[LAC-TF] Fwd: NetBSD Security Advisory 2018-004: Remote Memory Corruption in IPv6

Fernando Gont fgont at si6networks.com
Tue Feb 13 07:12:16 BRST 2018


A esto hago referencia cuando hablo de la madurez de las
implementaciones IPv6.

-------- Forwarded Message --------
Subject: NetBSD Security Advisory 2018-004: Remote Memory Corruption in IPv6
Date: Mon, 12 Feb 2018 20:11:48 -0500
From: NetBSD Security-Officer <security-officer at netbsd.org>
Reply-To: NetBSD Security Officer <security-officer at NetBSD.org>
To: tech-security at NetBSD.org

		NetBSD Security Advisory 2018-004

Topic:		Remote Memory Corruption in IPv6

Version:	NetBSD-current:		source prior to Tue, Jan 30th 2018
		NetBSD 7.1:		affected
		NetBSD 7.0 - 7.0.2:	affected
		NetBSD 6.1 - 6.1.4:	affected
		NetBSD 6.0 - 6.0.5:	affected

Severity:	Remote DoS, Remote Memory Corruption

Fixed:		NetBSD-current:		Tue, Jan 30th 2018
		NetBSD-7-1 branch:	Tue, Jan 30th 2018
		NetBSD-7-0 branch:	Tue, Jan 30th 2018
		NetBSD-7 branch:	Tue, Jan 30th 2018
		NetBSD-6-1 branch:	Tue, Jan 30th 2018
		NetBSD-6-0 branch:	Tue, Jan 30th 2018
		NetBSD-6 branch:	Tue, Jan 30th 2018

Teeny versions released later than the fix date will contain the fix.

Please note that NetBSD releases prior to 6.0 are no longer supported.
It is recommended that all users upgrade to a supported release.


A mistake in the way received IPv6 packets are handled allowed an attacker
to remotely trigger a memory corruption.

Technical Details

When a packet is received, the kernel stores it in memory as chain of mbufs.
An mbuf is basically a block of contiguous memory.

A function, located deep into the IPv6 entry point, was not performing the
necessary checks when treating a received IPv6 packet. It was parsing the
IPv6 options assuming they were located in the first mbuf of the chain, but
this assumption was incorrect. Therefore, it was possible for this function
to return a pointer that pointed to an area located after the first mbuf.

This pointer was then either read from, or written to with one byte that
could be controlled by the packet.

It has been demonstrated that by sending a special combination of nested
IPv6 fragments, this bug could be exploited remotely, and could allow an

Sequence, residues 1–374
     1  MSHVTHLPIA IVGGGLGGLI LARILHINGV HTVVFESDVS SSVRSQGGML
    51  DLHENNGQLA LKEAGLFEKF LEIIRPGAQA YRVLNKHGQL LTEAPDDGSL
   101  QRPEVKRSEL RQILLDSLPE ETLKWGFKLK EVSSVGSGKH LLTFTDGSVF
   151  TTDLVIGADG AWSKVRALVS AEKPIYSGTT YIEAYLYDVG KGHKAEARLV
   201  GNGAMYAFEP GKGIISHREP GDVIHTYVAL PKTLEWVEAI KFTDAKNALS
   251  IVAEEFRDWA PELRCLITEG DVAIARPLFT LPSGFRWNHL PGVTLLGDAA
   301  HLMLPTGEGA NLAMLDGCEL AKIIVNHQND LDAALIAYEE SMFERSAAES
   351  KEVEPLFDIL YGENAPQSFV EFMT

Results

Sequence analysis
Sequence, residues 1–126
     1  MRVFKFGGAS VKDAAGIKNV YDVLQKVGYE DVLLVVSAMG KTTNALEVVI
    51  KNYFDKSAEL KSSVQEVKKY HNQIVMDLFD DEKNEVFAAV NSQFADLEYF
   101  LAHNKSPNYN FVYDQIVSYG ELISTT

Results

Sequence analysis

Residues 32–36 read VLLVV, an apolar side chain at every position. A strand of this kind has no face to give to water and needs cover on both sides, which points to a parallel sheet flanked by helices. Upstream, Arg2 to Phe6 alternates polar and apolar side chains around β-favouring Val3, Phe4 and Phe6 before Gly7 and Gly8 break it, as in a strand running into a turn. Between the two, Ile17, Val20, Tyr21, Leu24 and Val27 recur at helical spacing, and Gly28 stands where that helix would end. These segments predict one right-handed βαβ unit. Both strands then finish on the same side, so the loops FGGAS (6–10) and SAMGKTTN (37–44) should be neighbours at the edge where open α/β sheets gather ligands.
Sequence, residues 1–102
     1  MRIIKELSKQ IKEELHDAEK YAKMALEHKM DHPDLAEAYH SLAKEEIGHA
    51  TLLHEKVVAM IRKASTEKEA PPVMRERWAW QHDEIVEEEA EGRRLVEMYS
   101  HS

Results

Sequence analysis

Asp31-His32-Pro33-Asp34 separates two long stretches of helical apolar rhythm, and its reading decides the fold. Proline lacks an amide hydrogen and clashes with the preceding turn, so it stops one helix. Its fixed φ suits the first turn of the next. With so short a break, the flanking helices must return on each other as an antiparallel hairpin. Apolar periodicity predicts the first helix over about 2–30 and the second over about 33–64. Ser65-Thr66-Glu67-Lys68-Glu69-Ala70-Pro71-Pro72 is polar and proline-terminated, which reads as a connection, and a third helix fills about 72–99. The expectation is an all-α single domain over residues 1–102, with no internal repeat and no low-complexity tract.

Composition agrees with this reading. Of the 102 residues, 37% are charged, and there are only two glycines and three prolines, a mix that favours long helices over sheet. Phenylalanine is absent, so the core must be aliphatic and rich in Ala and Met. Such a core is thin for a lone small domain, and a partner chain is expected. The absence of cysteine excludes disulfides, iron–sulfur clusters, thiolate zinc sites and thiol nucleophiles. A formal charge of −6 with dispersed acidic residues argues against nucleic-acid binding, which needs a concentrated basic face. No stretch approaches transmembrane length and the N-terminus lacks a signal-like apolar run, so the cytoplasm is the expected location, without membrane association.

attacker to cause the kernel to behave unexpectedly because random areas of
memory were overwritten. It is not clear whether this attack could be turned
to a code execution attack.

The PF firewall can mitigate this particular attack, because it rejects
nested IPv6 fragments by default. NPF does not reject such fragments by
default. The status of IPF in this regard has not been investigated. It is
possible that other vectors than IPv6 fragments could trigger this

Solutions and Workarounds

For all NetBSD versions, you need to obtain fixed kernel sources,
rebuild and install the new kernel, and reboot the system.

The fixed source may be obtained from the NetBSD CVS repository.
The following instructions briefly summarize how to upgrade your
kernel. In these instructions, replace:

  ARCH     with your architecture (from uname -m),
  KERNCONF with the name of your kernel configuration file and
  VERSION  with the file version below

File versions containing the fixes:

 FILE     HEAD     netbsd-7     netbsd-7-0     netbsd-7-1
 ----     ----     --------     ----------     ----------

 FILE              netbsd-6     netbsd-6-0     netbsd-6-1
 ----              --------     ----------     ----------

Note: for NetBSD-6, there are three more files that contain the fix.

To update from CVS, re-build, and re-install the kernel:

	# cd src
	# cvs update -d -P -r VERSION sys/netinet6/frag6.c
	# cvs update -d -P -r VERSION sys/netinet6/ip6_input.c
	# cvs update -d -P -r VERSION sys/netinet6/ip6_var.h
	# cvs update -d -P -r VERSION sys/netinet6/raw_ip6.c

If you run NetBSD-6:
	# cvs update -d -P -r VERSION sys/netinet6/ah_input.c
	# cvs update -d -P -r VERSION sys/netinet6/esp_input.c
	# cvs update -d -P -r VERSION sys/netinet6/ipcomp_input.c

	# ./build.sh kernel=KERNCONF
	# mv /netbsd /netbsd.old
	# cp sys/arch/ARCH/compile/obj/KERNCONF/netbsd /netbsd
	# shutdown -r now

For more information on how to do this, see:


Thanks To

Maxime Villard for finding and fixing the issue.

Revision History

	2018-02-12	Initial release

More Information

Advisories may be updated as new information becomes available.
The most recent version of this advisory (PGP signed) can be found at


Information about NetBSD and NetBSD security can be found at
http://www.NetBSD.org/ and http://www.NetBSD.org/Security/ .

Copyright 2018, The NetBSD Foundation, Inc.  All Rights Reserved.
Redistribution permitted only in full, unmodified form.

Fernando Gont
e-mail: fernando at gont.com.ar || fgont at si6networks.com
PGP Fingerprint: 7809 84F5 322E 45C7 F1C9 3945 96EE A9EF D076 FFF1

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